Even when it comes to divorce, women face the same taboo. The recent example of Imran and Reham Khan comes to mind, where while both of them were divorced and had kids, it was only Reham who was given slack for it. Just imagine how our society responds to a woman who takes a divorce to marry a man of her choice and to a man who takes a second wife even without permission of the first one. In the first scenario, the woman is the “culprit” and a characterless entity and in the second, the innocent man must have gotten trapped by the cunning woman.

So both ways, it’s the woman’s fault.

When will this hypocrisy end?

When will we evolve and see others as people and not as men and women?

Why is it okay for every random man to dictate how a woman should be or behave? Who gave them the right to do this?

It is high time that we start respecting our women and let go of the double standards we have towards the two genders. We really cannot afford to ostracise half the population of the country for exercising their fundamental rights. Before becoming the moral police for others, let’s learn to correct our own imperfections first.

Happy National Women’s Day!

Ayesha Siddique Khan

Ayesha Siddique Khan

A barrister at law from Lincoln's Inn London and has LLM in International Protection of Human Rights Law from University of London.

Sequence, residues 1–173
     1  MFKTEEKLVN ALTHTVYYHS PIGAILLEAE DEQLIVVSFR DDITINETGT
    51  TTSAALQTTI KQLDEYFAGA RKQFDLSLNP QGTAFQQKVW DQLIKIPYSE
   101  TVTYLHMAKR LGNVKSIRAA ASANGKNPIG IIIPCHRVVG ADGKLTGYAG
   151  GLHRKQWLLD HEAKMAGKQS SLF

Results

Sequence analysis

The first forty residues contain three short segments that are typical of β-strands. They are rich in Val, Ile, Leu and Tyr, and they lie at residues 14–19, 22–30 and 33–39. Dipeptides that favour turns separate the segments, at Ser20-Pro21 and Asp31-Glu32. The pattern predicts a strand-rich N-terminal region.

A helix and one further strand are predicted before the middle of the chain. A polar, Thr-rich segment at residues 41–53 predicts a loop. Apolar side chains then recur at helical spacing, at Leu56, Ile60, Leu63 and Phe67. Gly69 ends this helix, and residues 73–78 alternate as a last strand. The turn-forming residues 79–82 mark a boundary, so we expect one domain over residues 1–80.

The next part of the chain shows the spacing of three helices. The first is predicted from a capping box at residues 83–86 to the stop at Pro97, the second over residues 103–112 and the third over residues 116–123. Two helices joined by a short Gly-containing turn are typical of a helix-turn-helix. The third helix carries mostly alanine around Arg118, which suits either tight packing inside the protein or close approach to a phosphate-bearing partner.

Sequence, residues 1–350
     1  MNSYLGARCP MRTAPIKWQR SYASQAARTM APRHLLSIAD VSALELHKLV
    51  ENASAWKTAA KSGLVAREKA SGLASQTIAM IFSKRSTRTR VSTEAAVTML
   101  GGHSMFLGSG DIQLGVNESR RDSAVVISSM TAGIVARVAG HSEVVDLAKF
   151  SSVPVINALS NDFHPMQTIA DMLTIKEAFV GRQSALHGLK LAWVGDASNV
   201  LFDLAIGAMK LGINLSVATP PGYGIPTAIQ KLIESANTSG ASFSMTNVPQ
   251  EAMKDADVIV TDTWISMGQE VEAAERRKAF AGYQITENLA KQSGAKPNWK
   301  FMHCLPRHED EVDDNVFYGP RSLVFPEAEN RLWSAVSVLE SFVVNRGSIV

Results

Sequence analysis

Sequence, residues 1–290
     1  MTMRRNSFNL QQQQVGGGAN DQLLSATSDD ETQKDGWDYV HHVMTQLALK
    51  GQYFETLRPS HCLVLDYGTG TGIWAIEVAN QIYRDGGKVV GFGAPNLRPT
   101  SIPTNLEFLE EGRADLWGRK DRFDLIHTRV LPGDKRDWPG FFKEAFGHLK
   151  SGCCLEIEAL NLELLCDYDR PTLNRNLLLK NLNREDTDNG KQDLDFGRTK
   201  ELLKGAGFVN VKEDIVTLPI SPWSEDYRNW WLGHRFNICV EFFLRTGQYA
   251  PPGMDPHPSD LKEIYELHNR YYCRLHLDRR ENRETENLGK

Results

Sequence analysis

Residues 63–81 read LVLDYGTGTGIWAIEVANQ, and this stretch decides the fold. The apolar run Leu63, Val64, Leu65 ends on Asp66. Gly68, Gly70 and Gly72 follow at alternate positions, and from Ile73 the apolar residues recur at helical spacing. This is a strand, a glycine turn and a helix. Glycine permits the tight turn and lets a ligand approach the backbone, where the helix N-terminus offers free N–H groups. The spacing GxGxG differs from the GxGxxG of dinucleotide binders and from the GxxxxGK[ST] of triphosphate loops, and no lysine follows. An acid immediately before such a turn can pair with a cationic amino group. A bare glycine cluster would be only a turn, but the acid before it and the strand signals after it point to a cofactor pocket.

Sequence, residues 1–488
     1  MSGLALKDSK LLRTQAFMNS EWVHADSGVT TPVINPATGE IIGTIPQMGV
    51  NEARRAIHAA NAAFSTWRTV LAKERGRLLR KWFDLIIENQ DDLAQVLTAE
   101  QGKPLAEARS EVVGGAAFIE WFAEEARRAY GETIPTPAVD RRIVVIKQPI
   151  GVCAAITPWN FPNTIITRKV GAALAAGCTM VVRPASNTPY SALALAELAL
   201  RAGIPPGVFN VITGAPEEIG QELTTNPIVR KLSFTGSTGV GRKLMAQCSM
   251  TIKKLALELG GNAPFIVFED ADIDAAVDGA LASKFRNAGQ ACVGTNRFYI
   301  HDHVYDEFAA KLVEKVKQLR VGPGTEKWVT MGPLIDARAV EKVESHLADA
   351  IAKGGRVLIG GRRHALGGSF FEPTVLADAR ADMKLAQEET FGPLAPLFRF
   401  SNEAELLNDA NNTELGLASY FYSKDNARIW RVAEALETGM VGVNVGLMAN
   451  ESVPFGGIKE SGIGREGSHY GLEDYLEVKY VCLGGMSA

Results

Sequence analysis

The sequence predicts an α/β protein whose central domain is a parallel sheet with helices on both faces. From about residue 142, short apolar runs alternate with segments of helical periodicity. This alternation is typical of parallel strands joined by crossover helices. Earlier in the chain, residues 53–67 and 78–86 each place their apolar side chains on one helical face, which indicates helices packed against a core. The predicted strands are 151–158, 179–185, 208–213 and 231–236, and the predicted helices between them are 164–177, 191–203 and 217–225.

The views expressed by the writer and the reader comments do not necessarily reflect the views and policies of The Express Tribune.

  • deep

    Yes you had to spoil your entire article by writing this: Respect for women is such a noble ideal in our religion that it cannot be derogated, no matter what.

    I could tell you many ways every religion including your beloved one has treated women as less than equal – so do not invoke religion when talking about gender parity or respect for women.Recommend

  • ajay gupta

    yes, your religion treats women as lesser mortals. isn’t their testimony worth half that of a man’s? the problem is with your religion, however much you say it has been misinterpreted.Recommend

  • Maximus Decimus Meridius

    Good blog. I like it. Even though some may find fault with your mention of religion.Recommend

  • Salman Shareef

    Sorry I can not respect the traitors like Asma Jahangir.I have no respect for the person who speaks against my Armed Forces and my beloved country.Recommend